Readers' letters: Kenny MacAskill’s wrong on Aussie trade deal

" Since Brexit, the UK government has signed trade deals with nearly 70 countries including the EU”

Thursday, 10th June 2021, 7:00 am
UK secretary of state for international trade Liz Truss, left, and Australia’s trade minister Dan Tehan

Kenny’s wrong on Aussie trade deal

The ex-SNP, now Alba MP, Kenny MacAskill has made the absurd comparison of the proposed UK/Australia trade deal with the Highland Clearances.

Mr MacAskill’s concerns about this trade deal are misplaced, with the UK government having given a number of assurances, including retaining existing standards, a 10 year+ transition period to tariff and quota-free access for sensitive sectors and no access for hormone-injected beef.

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A UK/Australia trade deal would boost trade and investment in future-facing industries like services, low-carbon technology and digital trade.

It would also be a significant boost to Scottish industries like financial services, food and drink manufacturing and the 800 Scottish businesses who already export £321 million worth of goods to Australia.

Scotland sells £12.5 million worth of medicinal and pharmaceutical products to Australia, despite import tariffs. A UK-Australia deal would increase these exports by the removal of tariffs, cutting red tape and aligning regulations. Scottish machinery and tractors also stand to benefit from such tariff removal.

Any agreement would also be a crucial gateway for Scottish businesses into the Asia-Pacific free trade area, the Comprehensive and Progressive Agreement for Trans-Pacific Partnership(CPTPP) which cuts import tariffs on 95 per cent of goods traded between members.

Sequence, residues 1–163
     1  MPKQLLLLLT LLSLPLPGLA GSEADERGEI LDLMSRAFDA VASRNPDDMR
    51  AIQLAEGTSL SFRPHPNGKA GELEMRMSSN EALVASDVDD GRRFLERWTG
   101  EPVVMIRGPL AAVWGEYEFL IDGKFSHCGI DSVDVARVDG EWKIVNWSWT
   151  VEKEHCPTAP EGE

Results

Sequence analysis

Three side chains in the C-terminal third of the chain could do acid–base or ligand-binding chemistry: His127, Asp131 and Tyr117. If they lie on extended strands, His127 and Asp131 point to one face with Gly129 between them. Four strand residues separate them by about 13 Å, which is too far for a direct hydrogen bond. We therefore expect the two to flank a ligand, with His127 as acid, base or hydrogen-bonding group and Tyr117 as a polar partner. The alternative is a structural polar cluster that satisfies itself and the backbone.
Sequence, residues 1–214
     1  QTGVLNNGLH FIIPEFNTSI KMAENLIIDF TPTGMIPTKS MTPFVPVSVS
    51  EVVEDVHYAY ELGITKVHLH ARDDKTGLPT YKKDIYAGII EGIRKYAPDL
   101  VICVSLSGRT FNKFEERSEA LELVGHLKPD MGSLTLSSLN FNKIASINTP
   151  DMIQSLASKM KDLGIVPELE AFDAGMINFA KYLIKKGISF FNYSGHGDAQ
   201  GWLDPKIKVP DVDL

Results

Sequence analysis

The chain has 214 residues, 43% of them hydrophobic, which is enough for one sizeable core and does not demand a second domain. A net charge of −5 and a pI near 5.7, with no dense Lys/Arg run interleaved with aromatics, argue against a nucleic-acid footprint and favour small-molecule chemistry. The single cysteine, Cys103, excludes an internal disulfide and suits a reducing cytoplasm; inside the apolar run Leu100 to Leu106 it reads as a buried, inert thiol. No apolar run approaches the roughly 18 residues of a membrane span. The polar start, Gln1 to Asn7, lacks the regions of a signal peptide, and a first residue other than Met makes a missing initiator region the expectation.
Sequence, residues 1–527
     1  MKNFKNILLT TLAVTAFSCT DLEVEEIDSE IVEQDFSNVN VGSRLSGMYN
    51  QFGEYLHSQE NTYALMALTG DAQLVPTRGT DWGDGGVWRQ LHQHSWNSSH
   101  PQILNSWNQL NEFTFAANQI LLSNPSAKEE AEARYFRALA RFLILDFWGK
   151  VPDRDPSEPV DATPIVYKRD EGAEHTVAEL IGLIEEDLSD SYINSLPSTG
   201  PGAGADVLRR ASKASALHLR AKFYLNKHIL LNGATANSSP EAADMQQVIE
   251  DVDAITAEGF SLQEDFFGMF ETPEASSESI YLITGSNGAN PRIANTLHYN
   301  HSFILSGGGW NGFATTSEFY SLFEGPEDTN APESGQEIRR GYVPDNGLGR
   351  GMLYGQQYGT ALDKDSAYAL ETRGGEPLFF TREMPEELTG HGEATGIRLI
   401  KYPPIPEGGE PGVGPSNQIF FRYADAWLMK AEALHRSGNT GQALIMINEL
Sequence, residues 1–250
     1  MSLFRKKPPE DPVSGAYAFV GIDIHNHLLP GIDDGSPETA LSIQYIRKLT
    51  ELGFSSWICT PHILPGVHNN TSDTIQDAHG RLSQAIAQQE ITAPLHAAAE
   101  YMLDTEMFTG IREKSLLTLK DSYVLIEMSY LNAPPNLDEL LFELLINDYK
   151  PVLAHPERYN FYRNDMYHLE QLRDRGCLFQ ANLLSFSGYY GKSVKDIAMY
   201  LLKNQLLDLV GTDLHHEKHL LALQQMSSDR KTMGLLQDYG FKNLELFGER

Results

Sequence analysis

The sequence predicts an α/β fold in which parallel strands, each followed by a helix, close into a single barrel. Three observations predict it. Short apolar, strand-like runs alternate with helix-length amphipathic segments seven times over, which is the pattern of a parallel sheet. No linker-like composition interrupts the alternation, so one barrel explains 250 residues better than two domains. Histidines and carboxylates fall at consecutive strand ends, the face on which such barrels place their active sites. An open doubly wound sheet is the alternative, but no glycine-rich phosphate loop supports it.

Since Brexit, the UK government has signed trade deals with nearly 70 countries, including the EU. Last week, a further deal was signed with Norway, Iceland and Liechenstein.

Mr MacAskill’s negativity towards the UK/Australia deal reflects both the SNP’s and Alba Party’s insular approach and lack of commercial understanding, especially as neither have ever supported a British government negotiated trade deal .

Tim Jackson, Whim Road, Gullane.

G7 should take stand on animal welfare

Every individual taking part in the G7 talks should state whether they consume an animal-based diet. We could then see the participants who genuinely care about the less well off.

Every year countries in the west import huge amounts of food from countries where people are starving, to provide food for animals, to fatten them up for eating. While they continue to consume animal flesh and dairy products, they are complicit in causing people to starve.

Many made fun of Greta Thunberg when she started talking about climate change. But being also concerned about the starving and the cruelty suffered by animals in the animal food industry, she became vegan.

Greta practices what she preaches. Others older and supposedly wiser could learn a lot from her - and follow her example.

Sandra Busell, Warrender Park Road, Edinburgh.

Gas power still crucial

Despite the exaggerated boasts of the wind industry, gas power plants in the UK are preventing blackouts and economic ruin.

The site grid.iamkate.com records the source of electricity sent to the UK National Grid. In the last 30 days between 9-11am gas plants outperformed renewables on 20 days.

On 10 days gas produced over 50 per cent of our electricity and on 21 days gas electricity was supplying over 40 per cent to the grid.

Renewables could only manage two days over 40 per cent and on 16 days was under 20 per cent.

Gas electricity is keeping the lights on, not unreliable, expensive wind electricity.

Clark Cross, Springfield Road, Linlithgow.